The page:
GOUT

Definition
In gout, monosodium urate crystals are deposited in tissue, causing inflammation and severe pain of relatively rapid onset, usually in a single joint. It occurs in three to four out of 1,000 persons, and 90% to 95% of patients are men over age 30. One in four have a family history of gout. Once called “the rich man's disease” because of its association with overindulgence
in food and alcohol, this metabolic disorder can be exacerbated by poor diet. Primary gout is the result of overproduction or under excretion of uric acid. Secondary gout is the result of myeloproliferative diseases, lead poisoning, enzyme deficiencies, or renal failure. Left untreated, gout may lead to a chronic arthritis.

Risk Factors
Major causative factors and risk factors that can contribute to the incidence of gout include the following:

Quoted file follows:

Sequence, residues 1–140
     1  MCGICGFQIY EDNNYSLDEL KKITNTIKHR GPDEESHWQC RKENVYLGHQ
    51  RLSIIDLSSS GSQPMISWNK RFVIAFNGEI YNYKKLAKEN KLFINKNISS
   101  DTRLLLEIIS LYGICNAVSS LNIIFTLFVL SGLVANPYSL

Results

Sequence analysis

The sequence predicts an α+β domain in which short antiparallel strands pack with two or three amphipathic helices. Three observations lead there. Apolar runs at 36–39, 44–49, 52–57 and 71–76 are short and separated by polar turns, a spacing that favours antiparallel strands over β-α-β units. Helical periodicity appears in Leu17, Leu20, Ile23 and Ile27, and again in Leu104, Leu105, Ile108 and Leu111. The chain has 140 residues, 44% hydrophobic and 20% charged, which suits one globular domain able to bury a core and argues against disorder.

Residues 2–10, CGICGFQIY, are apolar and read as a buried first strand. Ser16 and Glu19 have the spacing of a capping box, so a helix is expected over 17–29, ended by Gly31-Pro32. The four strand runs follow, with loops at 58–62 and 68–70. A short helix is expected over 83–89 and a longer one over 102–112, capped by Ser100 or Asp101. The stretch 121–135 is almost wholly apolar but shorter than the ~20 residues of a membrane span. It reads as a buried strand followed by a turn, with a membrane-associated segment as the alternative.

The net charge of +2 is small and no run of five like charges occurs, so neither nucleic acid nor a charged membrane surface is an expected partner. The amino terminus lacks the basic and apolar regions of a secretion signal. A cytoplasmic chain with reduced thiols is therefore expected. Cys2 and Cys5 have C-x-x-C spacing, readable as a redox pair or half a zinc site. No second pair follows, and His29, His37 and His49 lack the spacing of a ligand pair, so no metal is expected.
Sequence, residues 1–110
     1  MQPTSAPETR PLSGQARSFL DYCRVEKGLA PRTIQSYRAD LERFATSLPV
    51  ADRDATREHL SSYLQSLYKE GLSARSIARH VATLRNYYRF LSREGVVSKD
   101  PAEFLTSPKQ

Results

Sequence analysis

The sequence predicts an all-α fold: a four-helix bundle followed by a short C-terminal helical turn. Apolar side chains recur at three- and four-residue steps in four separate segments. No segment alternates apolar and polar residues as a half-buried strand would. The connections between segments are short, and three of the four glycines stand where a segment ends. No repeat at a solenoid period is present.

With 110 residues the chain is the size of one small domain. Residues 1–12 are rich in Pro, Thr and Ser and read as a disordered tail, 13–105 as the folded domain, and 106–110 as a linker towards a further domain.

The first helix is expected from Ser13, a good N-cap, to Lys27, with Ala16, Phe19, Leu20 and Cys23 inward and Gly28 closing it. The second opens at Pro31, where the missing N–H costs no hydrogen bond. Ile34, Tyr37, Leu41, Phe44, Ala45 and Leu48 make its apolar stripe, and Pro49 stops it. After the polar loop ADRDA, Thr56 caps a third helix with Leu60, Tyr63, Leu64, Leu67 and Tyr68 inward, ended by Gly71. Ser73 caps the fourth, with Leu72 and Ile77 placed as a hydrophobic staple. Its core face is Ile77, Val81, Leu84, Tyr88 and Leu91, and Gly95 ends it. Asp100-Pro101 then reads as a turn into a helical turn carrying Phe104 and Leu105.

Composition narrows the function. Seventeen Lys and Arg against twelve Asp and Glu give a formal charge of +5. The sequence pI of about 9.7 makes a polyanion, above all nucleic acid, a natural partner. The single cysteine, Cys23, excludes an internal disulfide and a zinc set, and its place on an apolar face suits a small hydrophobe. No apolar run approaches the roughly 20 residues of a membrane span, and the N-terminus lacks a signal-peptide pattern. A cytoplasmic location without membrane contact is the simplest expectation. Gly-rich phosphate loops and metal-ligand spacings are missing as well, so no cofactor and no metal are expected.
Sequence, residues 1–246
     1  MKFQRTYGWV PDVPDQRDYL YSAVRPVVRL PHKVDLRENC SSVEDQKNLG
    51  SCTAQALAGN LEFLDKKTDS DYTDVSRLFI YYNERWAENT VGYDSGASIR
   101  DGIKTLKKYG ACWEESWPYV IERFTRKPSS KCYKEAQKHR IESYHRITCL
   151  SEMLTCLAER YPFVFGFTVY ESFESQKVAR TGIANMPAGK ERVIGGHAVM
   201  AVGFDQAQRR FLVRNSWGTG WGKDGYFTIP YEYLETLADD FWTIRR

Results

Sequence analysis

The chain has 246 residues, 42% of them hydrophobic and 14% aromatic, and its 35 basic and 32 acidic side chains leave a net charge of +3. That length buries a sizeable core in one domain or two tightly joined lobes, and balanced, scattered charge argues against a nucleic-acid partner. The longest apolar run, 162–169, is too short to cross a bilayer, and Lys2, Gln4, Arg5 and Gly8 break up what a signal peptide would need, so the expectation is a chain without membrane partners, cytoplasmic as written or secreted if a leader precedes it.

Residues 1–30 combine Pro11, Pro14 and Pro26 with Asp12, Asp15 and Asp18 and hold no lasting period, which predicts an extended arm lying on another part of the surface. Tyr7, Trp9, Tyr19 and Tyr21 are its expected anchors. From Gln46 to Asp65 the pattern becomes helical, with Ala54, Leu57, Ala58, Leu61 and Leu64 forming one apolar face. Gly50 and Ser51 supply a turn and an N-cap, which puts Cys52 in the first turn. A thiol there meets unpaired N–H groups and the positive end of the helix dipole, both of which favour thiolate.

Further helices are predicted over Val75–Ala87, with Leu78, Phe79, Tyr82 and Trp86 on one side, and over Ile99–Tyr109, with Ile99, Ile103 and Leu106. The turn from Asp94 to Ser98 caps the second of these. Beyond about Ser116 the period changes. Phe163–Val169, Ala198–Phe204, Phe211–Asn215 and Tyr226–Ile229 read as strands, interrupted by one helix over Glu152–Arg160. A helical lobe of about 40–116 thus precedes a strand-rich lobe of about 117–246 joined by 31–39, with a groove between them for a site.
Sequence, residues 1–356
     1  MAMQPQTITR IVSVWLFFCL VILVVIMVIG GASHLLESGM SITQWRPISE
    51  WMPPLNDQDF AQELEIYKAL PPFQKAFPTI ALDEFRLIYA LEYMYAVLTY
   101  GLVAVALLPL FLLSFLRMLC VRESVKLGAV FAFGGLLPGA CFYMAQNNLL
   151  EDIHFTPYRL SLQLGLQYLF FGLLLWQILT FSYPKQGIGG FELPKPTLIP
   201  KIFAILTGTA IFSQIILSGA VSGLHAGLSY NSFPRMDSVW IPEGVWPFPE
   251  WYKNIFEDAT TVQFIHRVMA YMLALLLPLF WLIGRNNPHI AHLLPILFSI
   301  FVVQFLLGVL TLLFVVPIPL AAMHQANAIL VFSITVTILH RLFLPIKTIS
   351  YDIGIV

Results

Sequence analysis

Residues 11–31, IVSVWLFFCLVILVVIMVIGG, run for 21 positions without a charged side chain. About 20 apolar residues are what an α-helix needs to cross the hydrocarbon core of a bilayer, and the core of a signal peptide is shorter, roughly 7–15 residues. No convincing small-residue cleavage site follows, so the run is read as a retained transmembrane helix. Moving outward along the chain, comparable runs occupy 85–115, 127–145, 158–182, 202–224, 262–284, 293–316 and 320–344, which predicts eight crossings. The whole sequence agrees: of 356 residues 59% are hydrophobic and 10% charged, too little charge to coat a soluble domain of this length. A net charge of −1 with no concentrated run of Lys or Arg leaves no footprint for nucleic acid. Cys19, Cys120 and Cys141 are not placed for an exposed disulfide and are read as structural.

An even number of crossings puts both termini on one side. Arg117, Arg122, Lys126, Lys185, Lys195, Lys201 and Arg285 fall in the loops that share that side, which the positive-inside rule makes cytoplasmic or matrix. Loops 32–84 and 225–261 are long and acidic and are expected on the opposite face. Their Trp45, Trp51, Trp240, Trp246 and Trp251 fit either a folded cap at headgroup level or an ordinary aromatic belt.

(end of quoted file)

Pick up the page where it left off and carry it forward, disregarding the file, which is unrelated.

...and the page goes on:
• Diet high in purine-containing foods
• Family history of gout
• Obesity
• Hypertension
• Stress resulting from a fracture or surgical procedure
• Use of thiazide diuretics
• Drinking alcohol
• Polynesian heritage
• Diabetes
• Renal failure

Symptoms & Signs
Common signs and symptoms of gout include:
• Pain in a single joint, often at the base of the great toe, but can be in other joints of the feet, fingers, wrists, elbows, knees, and ankles
• "Exquisite" pain and tenderness
• Swelling, heat, and stiffness of joint
• Shiny red or purple coloration of joint
• Fever up to 39°C (102.2°F) with or without chills Begins in hours and may subside over a few days or up to three weeks.
• Untreated, attacks will be more frequent and more severe